A. B. Cull

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"The First Battle Squadron of Dreadnoughts" (1910)

Alma Claude Burlton Cull (1880-1931), was a noted English marine painter who worked in watercolours and oils, and specialised in painting Royal Navy ships.

Cull exhibited at the Royal Academy, the Royal Institute of Painters in Watercolours, The Walker Art Gallery and the London Salon. In his retirement he lived at Lee-on-the-Solent in Hampshire, his widow continuing to live there after 1931. For safekeeping she stored his unsold works in his studio in Old Portsmouth, where they were destroyed by enemy bombs in 1940 during the Second World War . Some of his work is exhibited at the National Maritime Museum in Greenwich.[1]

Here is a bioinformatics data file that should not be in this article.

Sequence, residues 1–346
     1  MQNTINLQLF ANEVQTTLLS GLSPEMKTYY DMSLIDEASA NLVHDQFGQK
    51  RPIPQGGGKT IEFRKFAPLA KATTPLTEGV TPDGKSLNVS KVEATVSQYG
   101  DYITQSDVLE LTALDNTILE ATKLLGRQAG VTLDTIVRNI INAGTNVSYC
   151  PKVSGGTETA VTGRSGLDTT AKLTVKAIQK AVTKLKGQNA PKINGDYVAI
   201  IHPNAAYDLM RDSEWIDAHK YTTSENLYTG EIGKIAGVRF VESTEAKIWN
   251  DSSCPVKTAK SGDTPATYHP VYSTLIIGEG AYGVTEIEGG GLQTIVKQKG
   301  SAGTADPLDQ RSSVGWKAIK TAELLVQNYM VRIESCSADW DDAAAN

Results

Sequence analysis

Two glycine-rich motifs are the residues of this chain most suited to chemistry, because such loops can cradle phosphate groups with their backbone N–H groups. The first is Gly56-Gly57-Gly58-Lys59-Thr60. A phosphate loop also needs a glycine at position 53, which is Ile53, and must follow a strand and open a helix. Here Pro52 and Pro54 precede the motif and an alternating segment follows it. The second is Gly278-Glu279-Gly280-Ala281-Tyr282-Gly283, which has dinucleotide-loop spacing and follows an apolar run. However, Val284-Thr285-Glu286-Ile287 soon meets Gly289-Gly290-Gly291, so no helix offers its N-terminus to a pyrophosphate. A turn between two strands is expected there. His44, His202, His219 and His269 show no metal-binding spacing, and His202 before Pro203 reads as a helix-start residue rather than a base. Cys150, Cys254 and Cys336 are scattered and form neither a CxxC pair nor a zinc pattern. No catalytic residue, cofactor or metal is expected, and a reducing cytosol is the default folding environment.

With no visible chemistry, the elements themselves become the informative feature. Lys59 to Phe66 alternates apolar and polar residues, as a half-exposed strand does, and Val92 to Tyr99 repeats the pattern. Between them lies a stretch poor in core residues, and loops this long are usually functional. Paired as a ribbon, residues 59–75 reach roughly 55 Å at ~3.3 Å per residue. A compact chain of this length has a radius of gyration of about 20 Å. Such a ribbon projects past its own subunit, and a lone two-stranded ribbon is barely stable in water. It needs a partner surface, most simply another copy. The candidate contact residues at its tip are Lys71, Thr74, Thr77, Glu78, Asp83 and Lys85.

Cull was a contemporary of the prolific William Lionel Wyllie RA. Cull's paintings are much rarer than those by Wyllie, and are regarded as being on a par with Wyllie's. Edward VII commissioned some of his paintings. Cull paintings are sought after, and only occasionally appear at auctions.[2][3]

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